The founder of Pink Floyd wrote a letter to Putin about the dangers of "playing nuclear chicken"

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The founder of Pink Floyd wrote a letter to Putin about the dangers of "playing nuclear chicken"
The founder of Pink Floyd wrote a letter to Putin about the dangers of "playing nuclear chicken"
27 September, 17:02In the world
One of the founders of the Pink Floyd group, Roger Waters, wrote an open letter to Russian President Vladimir Putin, in which he demanded answers to questions about the future of Ukraine and the whole world.

British musician Roger Waters, who previously wrote an open letter to the wife of the President of Ukraine Olena Zelenskaya and received a response to it, told his followers on social networks that many criticize him for not writing to Putin, but to Zelenskaya.

Waters said that after reading the response from the first lady of Ukraine, he was extremely moved and decided to correct the mistake he had made. In this regard, he published a new letter addressed to the head of the Russian Federation, RIA Novosti notes.

In his address, Waters demanded that Putin be held accountable for Russia's "invasion of Ukraine."

“More and more often I am asked to write to you, so here it is. First, would you like to see the end of this war? If you answered and said: “Yes, please,” it would immediately greatly facilitate the task, ”Waters wrote.

He also invited Putin to clarify whether he really "has no further territorial interests other than the security of the Russian-speaking population of Crimea, Donetsk and Lugansk."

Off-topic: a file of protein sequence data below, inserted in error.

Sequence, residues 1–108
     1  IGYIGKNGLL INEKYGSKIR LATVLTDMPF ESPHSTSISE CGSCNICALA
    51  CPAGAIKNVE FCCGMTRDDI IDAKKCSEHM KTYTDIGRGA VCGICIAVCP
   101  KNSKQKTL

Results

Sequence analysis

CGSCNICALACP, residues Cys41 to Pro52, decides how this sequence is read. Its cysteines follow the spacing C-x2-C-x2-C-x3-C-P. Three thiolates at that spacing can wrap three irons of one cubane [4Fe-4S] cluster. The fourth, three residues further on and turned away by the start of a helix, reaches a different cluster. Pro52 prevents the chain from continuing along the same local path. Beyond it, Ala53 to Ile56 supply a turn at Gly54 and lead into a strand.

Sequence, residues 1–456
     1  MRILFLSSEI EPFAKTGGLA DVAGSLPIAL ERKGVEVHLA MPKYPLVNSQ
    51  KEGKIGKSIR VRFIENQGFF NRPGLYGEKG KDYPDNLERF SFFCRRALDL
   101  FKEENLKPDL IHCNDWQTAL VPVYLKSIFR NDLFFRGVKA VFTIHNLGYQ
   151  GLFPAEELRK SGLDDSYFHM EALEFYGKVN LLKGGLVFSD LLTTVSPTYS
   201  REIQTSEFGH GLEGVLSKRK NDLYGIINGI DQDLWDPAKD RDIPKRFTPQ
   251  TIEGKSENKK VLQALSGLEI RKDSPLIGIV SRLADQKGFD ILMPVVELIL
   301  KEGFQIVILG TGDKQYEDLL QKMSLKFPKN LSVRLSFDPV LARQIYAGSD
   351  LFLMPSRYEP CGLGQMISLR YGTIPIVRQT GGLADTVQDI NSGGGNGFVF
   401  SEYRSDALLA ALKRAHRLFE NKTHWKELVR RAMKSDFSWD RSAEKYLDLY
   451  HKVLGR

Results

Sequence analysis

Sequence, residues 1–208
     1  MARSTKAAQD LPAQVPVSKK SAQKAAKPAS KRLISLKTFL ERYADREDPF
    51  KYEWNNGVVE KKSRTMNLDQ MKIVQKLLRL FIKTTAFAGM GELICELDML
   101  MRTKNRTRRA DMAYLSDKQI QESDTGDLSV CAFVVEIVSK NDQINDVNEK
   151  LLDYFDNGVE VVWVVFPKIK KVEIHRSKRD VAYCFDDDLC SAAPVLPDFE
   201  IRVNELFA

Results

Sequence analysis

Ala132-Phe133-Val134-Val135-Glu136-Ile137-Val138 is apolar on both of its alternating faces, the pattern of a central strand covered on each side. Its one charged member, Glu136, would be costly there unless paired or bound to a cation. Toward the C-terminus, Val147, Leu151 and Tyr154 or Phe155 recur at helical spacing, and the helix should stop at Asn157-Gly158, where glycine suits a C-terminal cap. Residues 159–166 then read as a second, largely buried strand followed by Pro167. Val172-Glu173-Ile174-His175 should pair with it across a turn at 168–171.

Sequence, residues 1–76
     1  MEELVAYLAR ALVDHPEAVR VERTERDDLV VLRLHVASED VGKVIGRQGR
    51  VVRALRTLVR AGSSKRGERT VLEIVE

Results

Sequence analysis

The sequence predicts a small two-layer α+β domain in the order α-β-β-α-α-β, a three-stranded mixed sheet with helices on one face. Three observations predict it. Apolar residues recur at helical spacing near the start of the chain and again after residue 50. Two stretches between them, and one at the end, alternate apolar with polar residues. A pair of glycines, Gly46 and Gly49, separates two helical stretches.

“That would help too. I say this because I know some people who think that you want to take over the whole of Europe, starting with Poland and the rest of the Baltic countries”, the musician explained.

He warned that he would curse Putin if he planned to do so. Waters, who previously called U.S. President Joe Biden a "war criminal", added that "we could all stop playing the desperately dangerous game of nuclear chicken that hawks on both sides of the Atlantic seem to be comfortable with."

Waters demanded from Putin guarantees of nuclear safety for his children and grandchildren and for most of his "brothers and sisters around the world", as well as a peace treaty with Ukraine.

“Assuming that such a peace can be negotiated, it must include an absolutely binding agreement not to invade anyone else", - the musician wrote.

Waters criticized the US and NATO, which, he said, allow themselves to invade other sovereign countries "in the blink of an eye or for a few barrels of oil."

“But that doesn’t mean you should, your invasion of Ukraine took me by surprise, it was a heinous war of aggression, provoked or not,” Waters said in an address to the Russian leader.

Concluding the letter, Waters indicated that he very much hopes for a response that will help take a worthy step towards a sustainable world.

The musician illustrated his appeal on social networks with a picture with the catchphrase “make love, not war”, which became popular during the Vietnam War.

Recall that Roger Waters left Pink Floyd in 1985 after the release of the album The Final Cut to start a solo career, and, as he himself admitted, considered this the end of the group. David Gilmour disagreed , leading to the final rupture of the already badly battered relationship between the two rock greats.

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